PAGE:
Should interceptions always be "credited" to quarterbacks? If a receiver bungles a route, or does a total hatchet job on an easy catch, or pulls up to avoid being hit over the middle (yes, I'm talking to you, Roy Williams), should the quarterback be blamed on the stat sheet? Here's a very good example -- Jon Kitna(notes) of the Dallas Cowboys. Doing mop-up duty for Tony Romo(notes) down the stretch, the 14-year veteran has thrown more touchdowns than interceptions for the first time since 2004 (16 scores to 12 picks), but the responsibility for at least five of those interceptions should go to Kitna's receivers.
Earlier this season, we detailed how three of Kitna's four picks against the Jacksonville Jaguars in Week 8 came directly from receiver drops, and it was so again in the Cowboys' 27-26 loss to the Arizona Cardinals on Christmas night. Cowboys fans may be ready to string up kicker David Buehler(notes) for missing the PAT that kept the ‘Boys from a potential overtime, but the Dallas receivers were directly responsible for two Arizona interceptions that were returned for touchdowns. In case you didn't see the game, here are the two plays in question.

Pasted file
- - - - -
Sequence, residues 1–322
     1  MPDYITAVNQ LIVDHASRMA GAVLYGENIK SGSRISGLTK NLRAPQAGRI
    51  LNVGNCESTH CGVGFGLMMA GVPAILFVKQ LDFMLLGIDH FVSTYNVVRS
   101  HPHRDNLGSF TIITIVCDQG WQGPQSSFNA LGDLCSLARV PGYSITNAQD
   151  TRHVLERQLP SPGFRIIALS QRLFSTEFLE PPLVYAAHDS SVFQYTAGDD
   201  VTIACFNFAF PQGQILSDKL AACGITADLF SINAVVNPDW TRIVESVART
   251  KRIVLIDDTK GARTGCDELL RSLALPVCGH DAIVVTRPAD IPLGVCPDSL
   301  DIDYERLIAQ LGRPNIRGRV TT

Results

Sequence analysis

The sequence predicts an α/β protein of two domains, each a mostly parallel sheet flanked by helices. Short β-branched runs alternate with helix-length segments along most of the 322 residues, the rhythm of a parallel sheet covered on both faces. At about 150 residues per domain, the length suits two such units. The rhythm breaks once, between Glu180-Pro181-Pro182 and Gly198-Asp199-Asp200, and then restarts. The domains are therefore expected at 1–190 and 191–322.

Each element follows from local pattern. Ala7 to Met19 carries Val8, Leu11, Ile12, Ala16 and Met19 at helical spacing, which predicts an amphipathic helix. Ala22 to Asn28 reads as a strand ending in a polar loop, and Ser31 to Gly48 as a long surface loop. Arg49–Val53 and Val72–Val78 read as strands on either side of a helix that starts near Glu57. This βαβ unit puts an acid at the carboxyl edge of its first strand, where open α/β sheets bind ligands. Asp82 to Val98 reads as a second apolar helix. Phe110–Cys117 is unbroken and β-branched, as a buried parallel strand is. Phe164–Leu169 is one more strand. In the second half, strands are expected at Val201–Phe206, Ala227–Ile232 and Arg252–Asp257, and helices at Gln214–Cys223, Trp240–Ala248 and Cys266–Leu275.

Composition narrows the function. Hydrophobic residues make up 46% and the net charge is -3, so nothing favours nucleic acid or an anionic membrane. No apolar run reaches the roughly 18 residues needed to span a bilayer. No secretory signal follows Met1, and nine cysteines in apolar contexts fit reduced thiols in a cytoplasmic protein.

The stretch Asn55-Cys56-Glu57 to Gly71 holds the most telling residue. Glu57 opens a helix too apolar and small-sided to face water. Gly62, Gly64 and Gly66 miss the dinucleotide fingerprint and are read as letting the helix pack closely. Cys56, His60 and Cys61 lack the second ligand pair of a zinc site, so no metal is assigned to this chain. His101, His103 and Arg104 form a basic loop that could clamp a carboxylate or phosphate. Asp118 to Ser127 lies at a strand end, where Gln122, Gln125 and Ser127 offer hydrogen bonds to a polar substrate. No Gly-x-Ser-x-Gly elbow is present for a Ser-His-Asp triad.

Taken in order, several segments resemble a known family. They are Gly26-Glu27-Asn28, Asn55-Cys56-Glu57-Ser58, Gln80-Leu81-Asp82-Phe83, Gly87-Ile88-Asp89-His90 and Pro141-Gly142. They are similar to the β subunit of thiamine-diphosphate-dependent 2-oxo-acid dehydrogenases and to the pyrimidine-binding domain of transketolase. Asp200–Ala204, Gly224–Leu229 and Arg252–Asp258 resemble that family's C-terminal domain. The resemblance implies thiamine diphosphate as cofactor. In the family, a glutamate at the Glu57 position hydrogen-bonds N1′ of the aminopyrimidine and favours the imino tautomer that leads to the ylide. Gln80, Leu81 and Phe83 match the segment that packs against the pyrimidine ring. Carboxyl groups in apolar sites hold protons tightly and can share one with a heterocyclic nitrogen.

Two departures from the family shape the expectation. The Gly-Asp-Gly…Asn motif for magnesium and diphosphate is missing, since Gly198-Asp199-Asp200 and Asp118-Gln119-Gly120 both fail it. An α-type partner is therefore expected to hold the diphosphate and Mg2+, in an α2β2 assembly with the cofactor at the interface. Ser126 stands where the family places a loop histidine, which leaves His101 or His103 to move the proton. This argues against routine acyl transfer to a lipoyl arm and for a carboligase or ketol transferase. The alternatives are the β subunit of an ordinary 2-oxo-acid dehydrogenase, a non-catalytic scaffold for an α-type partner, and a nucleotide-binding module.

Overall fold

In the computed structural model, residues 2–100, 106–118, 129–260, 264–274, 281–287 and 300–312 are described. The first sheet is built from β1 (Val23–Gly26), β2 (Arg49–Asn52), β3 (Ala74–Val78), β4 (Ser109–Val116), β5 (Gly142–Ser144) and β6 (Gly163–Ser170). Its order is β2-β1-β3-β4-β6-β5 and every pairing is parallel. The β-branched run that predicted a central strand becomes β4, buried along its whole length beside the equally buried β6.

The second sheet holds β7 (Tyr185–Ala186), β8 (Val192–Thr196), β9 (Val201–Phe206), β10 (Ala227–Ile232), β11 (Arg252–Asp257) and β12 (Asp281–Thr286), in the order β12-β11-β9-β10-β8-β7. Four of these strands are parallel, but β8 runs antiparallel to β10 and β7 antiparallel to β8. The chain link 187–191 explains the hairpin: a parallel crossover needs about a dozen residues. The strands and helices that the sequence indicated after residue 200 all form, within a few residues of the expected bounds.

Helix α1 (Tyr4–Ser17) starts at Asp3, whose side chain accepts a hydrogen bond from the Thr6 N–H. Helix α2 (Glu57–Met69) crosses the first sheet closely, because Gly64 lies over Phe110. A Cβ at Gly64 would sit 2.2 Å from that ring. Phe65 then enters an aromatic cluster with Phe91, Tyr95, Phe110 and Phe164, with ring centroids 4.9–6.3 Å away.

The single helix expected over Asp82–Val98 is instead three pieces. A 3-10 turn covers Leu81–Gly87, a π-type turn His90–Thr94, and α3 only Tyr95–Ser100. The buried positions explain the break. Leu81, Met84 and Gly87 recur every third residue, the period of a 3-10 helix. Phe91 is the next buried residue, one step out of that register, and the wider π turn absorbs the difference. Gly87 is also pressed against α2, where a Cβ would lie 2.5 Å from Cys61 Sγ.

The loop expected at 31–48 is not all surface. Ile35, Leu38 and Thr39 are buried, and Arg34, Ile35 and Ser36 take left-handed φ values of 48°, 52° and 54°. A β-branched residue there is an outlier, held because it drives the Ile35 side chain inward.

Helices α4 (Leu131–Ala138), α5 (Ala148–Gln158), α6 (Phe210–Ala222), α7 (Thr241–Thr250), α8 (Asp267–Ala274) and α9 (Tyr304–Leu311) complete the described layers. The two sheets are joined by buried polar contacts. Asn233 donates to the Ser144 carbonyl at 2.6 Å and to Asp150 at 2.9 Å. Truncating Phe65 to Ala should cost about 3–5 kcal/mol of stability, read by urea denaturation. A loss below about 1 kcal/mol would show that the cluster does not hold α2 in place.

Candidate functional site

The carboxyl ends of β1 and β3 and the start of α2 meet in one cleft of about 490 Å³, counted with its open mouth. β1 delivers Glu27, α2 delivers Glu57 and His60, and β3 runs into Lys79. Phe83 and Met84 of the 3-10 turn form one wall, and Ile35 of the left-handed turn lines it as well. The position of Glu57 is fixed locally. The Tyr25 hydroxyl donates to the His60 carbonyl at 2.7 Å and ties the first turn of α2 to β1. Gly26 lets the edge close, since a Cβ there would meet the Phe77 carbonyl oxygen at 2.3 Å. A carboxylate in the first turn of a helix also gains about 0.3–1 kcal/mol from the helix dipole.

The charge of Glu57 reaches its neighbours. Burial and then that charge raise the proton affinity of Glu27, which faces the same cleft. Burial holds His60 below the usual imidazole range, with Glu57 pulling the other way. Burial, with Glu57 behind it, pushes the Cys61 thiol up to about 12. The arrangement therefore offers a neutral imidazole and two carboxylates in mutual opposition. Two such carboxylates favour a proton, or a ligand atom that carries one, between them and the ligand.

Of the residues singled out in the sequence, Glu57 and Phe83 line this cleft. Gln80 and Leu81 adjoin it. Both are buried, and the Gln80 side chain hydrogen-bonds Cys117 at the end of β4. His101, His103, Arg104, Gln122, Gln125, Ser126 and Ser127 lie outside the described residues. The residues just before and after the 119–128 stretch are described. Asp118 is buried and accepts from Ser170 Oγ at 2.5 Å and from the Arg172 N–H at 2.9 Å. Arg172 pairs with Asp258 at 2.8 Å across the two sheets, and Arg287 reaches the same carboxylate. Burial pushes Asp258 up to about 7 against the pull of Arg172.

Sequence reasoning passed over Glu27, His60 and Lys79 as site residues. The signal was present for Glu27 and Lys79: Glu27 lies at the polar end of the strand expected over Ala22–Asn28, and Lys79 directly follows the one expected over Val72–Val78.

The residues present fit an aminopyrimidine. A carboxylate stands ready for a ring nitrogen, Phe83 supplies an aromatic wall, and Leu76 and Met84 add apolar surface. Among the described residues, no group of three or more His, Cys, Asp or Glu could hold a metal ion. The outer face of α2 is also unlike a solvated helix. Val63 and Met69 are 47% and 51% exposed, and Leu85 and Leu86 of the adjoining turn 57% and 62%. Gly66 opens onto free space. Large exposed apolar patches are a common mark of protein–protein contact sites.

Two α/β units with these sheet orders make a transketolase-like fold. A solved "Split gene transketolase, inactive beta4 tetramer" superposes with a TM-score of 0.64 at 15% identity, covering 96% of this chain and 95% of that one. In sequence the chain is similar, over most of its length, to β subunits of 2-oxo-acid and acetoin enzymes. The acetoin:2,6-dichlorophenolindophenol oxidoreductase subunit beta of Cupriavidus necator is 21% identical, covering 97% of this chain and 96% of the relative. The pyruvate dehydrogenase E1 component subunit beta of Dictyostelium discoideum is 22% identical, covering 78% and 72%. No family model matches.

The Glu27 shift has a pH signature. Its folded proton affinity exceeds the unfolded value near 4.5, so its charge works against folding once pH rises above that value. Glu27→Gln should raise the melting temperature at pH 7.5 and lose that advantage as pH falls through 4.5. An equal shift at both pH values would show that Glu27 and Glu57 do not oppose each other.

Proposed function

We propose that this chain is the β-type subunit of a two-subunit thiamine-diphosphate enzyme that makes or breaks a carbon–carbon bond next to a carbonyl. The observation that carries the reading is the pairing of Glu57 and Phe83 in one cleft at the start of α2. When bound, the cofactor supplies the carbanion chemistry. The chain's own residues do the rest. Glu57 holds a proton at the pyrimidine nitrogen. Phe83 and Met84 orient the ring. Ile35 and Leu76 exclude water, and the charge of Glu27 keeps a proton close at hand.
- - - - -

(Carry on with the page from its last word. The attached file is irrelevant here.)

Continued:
And then, with 8:26 left in the first quarter, Kitna attempts a throw to Roy Williams, who holds up as a defender zeroes in on him (Joe Theismann's assertion that Kitna threw behind Williams to the contrary, it's pretty clear that the ball hit Williams' left arm area):
Ouch. He also got knocked out of the game behind a porous offensive line that had him getting hit hard all the way through the first half.
Now, if you just saw Kitna's stat sheet, you'd see 12 completions in 20 attempts for 112 yards, one touchdown and two interceptions, and you'd assume that Kitna had a rotten day. He did, but it wasn't his fault -- once again, his receivers let him down. Makes you wonder what his season would be like were he on a team with a group of dynamic pass-catchers in need of a quarterback -- a team like, say, the Arizona Cardinals?
- Roy Williams